Syria can’t be Russia’s “gift” to the West for one simple reason: it doesn’t owe it. Iran does. In fact, some U.S. analysts argue — and I share their opinion — that Russia’s position on Syria is a gift to President Obama who doesn’t want military intervention in Syria at least before the November election. Now, he has a perfect excuse and an ideal scapegoat: Russia. Eventually, Syria will follow the Libya scenario: Russia will lose it and in addition, it will lose — again! — a PR war over this loss.

      Best Regards,
      Eugene

      • Giuseppe Flavio says:

        Dear Eugene,
        the fact that the decisions with regards to Afghanistan were made long time ago doesn’t mean that they can’t be changed. Just like the approach to the Western “Right to Protect” has changed. If Putin was really so desperate about a dwindling domestic consent, he would close the northern route (and there is nothing the US could do reopen it), instead it’s been enlarged.
        Russia doesn’t owe Syria, and I don’t know if Iran owes her, but it is Russia that has a seat at the UNSC, not Iran. It is up to Russia to allow a UN-sanctioned intervention in Syria, so I’ll rephrase my previous question as:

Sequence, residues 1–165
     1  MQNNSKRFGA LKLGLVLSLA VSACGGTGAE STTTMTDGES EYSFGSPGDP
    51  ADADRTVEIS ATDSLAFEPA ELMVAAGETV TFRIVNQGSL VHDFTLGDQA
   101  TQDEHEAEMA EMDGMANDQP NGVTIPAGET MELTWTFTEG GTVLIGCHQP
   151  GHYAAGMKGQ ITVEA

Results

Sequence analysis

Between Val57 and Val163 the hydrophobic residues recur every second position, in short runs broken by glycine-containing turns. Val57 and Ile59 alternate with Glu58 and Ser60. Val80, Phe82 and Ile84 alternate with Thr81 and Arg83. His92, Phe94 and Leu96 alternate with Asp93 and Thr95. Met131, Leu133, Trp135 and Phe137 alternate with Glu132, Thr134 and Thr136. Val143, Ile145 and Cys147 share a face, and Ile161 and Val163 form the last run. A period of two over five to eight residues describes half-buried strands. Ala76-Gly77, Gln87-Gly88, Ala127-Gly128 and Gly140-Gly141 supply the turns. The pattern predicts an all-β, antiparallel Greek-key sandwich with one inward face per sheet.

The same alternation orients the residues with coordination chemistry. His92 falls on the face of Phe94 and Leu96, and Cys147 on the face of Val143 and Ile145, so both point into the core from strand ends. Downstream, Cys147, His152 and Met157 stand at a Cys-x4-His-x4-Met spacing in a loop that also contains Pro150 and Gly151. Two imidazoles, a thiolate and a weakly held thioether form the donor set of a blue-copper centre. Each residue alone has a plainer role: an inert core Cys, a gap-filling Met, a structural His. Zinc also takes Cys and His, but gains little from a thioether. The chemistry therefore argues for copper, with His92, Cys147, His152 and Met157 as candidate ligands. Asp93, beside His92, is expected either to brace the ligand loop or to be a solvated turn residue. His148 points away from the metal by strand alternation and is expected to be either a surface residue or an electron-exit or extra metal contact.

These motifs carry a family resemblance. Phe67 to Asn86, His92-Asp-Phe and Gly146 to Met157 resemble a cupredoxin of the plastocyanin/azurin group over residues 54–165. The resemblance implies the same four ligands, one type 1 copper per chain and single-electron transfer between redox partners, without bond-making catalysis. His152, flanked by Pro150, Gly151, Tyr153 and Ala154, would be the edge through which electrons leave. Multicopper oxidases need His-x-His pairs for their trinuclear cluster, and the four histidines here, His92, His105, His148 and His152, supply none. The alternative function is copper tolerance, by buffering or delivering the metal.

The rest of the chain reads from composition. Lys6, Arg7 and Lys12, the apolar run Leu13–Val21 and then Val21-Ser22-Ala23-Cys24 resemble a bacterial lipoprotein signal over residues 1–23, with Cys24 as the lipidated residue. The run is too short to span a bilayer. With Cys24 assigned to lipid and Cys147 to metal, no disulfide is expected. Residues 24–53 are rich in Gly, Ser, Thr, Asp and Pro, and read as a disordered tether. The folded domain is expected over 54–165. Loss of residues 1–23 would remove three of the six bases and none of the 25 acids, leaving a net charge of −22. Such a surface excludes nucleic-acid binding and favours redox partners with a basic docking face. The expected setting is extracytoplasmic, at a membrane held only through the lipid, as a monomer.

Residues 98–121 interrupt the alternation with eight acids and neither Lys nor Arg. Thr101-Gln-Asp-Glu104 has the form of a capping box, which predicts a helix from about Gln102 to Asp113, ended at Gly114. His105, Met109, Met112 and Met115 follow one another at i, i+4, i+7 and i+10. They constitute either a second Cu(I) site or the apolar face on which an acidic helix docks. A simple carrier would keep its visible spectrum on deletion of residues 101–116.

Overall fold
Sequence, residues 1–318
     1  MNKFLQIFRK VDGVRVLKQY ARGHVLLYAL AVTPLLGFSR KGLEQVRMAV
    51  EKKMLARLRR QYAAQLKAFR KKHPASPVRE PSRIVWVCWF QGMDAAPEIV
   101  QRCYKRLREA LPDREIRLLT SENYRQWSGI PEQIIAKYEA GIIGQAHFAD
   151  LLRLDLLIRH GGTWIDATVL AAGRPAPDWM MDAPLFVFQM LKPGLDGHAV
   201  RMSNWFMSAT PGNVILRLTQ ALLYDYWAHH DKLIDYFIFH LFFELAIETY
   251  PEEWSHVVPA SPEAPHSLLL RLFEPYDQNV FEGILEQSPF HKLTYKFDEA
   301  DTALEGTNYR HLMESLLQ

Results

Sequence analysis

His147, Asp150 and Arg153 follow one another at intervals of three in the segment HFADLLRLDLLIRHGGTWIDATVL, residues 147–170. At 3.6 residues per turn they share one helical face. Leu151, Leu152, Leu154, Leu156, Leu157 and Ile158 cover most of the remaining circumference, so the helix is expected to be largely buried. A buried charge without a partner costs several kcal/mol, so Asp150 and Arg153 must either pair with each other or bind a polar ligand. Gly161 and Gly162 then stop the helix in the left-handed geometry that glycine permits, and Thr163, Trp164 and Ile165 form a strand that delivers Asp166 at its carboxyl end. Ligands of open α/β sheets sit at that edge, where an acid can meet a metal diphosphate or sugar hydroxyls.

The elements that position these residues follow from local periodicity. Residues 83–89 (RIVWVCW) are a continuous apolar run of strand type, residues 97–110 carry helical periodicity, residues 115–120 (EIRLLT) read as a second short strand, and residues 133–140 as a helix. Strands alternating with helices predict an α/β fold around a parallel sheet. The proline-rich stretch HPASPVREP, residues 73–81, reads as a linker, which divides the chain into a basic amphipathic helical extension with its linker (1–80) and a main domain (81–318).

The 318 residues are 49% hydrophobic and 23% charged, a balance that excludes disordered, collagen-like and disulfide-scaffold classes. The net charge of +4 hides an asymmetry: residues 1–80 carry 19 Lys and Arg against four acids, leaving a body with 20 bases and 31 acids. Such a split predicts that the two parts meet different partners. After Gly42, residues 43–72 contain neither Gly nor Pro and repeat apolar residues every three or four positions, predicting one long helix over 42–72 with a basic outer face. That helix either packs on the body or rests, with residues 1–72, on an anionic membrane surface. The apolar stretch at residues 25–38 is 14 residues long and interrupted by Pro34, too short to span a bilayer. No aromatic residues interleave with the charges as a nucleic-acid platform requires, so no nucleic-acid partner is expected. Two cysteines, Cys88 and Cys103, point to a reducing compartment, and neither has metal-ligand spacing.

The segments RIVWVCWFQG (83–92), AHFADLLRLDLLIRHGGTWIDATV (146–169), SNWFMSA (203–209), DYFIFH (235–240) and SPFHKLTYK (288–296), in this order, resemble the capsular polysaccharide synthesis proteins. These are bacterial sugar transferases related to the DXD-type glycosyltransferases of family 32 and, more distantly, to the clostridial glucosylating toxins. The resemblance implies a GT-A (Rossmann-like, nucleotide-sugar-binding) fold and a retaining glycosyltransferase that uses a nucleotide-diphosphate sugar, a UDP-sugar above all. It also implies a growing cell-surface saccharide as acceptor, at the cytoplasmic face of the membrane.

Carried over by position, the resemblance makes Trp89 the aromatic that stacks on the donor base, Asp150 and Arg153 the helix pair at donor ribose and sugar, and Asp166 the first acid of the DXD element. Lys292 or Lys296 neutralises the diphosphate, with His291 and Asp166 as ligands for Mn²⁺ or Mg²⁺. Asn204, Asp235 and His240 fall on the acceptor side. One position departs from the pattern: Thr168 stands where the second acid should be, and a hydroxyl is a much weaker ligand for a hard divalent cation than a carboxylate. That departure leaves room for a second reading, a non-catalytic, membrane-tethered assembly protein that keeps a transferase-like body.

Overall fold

Why should Russia gift a Ch 7 resolution against Syria to the West?
        As for the “PR loss”, regardless of what happens in Syria the Western media will continue to bash Russia. These “PR loss”, “information warfare”, “hearths and minds”, etc. are just PC names for the good old propaganda, which goes on regardless of defeats of victories.

        • Eugene says:

          Dear Giuseppe,

          Closing the northern route is too strong of a medicine; it’s like using antibiotics against simple cold. Russian already hinted that this “measure” will be considered if something serious happens, like a total collapse of negotiations over missile defense. Plus, Russia is very proud of its record of sticking to its promises; plus, it gets money for the northern route, Ulyanovsk base, etc. Why choosing this road when you can go “free” and simply deny the West UNSC resolution on Syria?So that’s exactly what the Kremlin does: makes a show at the UMSC, and then all the media talks about that with Lavrov on TV every other way. On the contrast, when for the last last Russian media mentioned the Ulyanovsk base?